Wget: download whole or parts of websites with ease
wget is a nice tool for downloading resources from the internet. It can be used to fetch images, web pages or entire websites. It can be used with just a URL as an argument or many arguments if you need to fake the user-agent, ignore robots.txt files, rate limit it or otherwise tweak it.
The basic way to use it is
Therefore, wget and less is all you need to surf the internet.
Naming the output file with -O
-O option for specifying output file is one you will use a lot. Let's say you want to download an image named 2039840982439.jpg. That is not very useful. Thus; you could ask wget to name the saved file something useful,
wget https://example.org/iamges/2039840982439.jpg -O images/anime-girls-with-questionmarks/cute-blond-girl.jpg
The power of wget is that you may download sites recursive, meaning you also get all pages (and images and other data) linked on the front page:
wget -r https://example.org//
But many sites do not want you to download their entire site. To prevent this they typically check how browsers identify. Many sites refuses you to connect or sends a blank page if they detect you are not using a web-browser. You might get a message like:
Sorry, but the download manager you are using to view this site is not supported. We do not support use of such download managers as flashget, go!zilla, or getright
The trick to ignoring sites blacklisting wget in robots.txt
Many sites have a
robots.txt file which includes
wget will respect a listing in a
robots.txt file which tells
wget to not download parts of a website or anything at all if that is what the
robots.txt file asks.
wget will respect
robots.txt even if you override the user-agent.
The command-line option
-e robots=off will tell
wget to ignore the
The trick that fools sites and webservers blocking Wget by User-Agent
Wget has a very handy -U option for sites that don't like wget. Use -U My-browser to tell the site you are using some commonly accepted browser:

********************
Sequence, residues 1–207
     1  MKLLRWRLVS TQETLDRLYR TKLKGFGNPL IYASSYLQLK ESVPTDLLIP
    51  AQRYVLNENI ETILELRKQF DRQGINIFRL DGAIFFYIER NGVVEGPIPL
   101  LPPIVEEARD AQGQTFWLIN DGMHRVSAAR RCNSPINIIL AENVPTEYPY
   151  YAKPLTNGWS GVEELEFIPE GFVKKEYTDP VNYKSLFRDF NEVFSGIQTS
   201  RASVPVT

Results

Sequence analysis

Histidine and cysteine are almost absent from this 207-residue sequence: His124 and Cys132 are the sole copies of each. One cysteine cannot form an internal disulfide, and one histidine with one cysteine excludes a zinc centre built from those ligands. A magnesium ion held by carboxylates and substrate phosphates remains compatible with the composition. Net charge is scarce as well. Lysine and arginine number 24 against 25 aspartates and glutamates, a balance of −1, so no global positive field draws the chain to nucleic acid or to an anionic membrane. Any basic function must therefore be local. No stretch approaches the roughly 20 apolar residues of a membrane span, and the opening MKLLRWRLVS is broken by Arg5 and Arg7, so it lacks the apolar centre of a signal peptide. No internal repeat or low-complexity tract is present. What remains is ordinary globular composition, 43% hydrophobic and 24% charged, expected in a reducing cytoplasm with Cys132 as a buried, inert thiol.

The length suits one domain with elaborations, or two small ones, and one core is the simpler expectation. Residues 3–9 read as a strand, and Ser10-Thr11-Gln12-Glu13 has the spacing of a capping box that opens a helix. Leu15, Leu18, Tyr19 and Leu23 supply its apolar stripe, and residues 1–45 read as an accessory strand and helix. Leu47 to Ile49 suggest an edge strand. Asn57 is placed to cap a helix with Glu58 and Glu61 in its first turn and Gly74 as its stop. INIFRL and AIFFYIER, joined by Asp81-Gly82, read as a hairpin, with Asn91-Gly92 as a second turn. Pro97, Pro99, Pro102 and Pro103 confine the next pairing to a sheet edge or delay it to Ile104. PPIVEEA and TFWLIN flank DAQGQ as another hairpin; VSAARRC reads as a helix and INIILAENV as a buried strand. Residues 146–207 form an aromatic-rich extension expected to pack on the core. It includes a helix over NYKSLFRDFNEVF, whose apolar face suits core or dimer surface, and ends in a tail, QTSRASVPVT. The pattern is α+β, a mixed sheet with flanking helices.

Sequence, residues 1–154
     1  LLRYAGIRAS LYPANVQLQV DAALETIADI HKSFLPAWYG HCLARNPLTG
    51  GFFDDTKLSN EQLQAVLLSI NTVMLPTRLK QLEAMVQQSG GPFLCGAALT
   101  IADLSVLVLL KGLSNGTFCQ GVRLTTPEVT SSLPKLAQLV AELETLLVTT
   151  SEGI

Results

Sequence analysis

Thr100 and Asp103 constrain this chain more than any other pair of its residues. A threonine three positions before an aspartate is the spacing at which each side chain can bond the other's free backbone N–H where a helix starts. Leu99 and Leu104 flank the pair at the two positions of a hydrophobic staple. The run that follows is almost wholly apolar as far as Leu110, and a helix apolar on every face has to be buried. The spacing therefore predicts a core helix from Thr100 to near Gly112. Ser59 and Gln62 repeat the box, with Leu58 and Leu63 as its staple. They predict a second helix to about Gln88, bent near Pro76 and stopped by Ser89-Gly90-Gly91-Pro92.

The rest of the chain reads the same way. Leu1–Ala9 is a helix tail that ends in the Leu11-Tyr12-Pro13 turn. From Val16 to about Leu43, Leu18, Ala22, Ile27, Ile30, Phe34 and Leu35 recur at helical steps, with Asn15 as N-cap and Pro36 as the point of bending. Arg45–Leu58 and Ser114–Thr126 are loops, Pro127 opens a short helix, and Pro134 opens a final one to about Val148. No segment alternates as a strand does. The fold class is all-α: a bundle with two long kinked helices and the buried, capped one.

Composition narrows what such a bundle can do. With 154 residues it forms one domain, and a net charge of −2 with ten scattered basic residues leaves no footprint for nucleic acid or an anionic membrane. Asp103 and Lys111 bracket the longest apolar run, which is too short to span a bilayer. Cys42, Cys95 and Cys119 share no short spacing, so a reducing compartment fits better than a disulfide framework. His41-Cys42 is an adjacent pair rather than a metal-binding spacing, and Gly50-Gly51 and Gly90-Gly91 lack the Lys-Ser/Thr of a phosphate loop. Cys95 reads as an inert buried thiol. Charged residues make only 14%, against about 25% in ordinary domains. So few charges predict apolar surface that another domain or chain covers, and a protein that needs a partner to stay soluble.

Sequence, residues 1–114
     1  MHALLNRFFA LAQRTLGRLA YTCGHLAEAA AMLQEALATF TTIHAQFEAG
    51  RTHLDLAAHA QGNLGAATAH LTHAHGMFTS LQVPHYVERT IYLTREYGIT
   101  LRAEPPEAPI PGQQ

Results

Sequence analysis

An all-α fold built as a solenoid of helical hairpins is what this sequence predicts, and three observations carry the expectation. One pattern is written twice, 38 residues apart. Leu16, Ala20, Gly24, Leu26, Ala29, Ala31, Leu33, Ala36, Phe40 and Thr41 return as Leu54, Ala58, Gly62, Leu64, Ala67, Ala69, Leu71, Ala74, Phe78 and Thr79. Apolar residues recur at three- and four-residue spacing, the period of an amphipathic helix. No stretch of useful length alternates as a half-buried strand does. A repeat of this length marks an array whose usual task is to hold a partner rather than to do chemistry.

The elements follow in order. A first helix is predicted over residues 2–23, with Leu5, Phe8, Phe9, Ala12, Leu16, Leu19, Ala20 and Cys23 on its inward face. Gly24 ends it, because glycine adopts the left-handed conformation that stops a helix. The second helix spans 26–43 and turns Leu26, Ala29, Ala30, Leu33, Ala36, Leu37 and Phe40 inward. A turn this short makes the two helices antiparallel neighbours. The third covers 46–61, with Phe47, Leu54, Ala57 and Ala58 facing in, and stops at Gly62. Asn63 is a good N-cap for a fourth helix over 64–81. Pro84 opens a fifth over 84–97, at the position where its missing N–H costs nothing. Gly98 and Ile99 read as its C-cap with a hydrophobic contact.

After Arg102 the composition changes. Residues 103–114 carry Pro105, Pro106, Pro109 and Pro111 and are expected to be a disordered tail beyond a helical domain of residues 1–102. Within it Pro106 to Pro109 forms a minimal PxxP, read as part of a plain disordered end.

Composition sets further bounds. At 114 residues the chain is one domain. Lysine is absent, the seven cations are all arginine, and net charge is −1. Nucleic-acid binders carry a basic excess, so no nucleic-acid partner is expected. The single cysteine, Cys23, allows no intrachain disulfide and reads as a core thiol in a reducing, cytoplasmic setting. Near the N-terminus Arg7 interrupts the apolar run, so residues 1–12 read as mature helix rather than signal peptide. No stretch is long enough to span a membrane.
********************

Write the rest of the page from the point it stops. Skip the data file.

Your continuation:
wget -r -p -U Mozilla http://www.example.com/restricedplace.html
You will, of course, want to use a complete string which looks plausible for
-U such as:
wget -U "Mozilla/5.0 (iPhone; CPU iPhone OS 12_3 like Mac OS X) AppleWebKit/605.1.15 (KHTML, like Gecko) Version/12.1.1 Mobile/15E148 Safari/604.1"
This can actually be quite useful for testing how well your mobile code adaptation code works with various user-agents
It is possible to make an alias in your
$HOME/.bashrc which will always use a given user-agent,
The most important command line options for being polite with wget are
--wait=. You should add
--wait=20 to pause 20 seconds between retrievals - this ensures that you are not manually added to a blacklist.
--limit-rate defaults to bytes, add K to set KB/s. Example:
wget --wait=20 --limit-rate=20K -r -p -U Mozilla http://www.example.com/restricedplace.html
A web-site owner will probably get upset if you attempt to download their entire site using a simple
wget http://foo.bar command and it is very noticeable in the logs too. However, the web-site owner will not even notice you if you limit the download transfer rate and pause 20 seconds between fetching files.
--no-parent is a very handy option that guarantees wget will not download anything from the folders beneath the folder you want to acquire. Use this to make sure wget does not fetch more than it needs to if just just want to download the files in a folder.
See the wget manual page for more information.
- Knowing what is actually visiting by looking at a User-Agent is getting increasingly difficult. Android will for example visit using
Mozilla/5.0 (Linux; Android 9; CLT-L29) AppleWebKit/537.36 (KHTML, like Gecko) Chrome/74.0.3729.157 Mobile Safari/537.36even though it's clearly not a Safari. Probably not Chrome either, but most Android browsers say they are anyway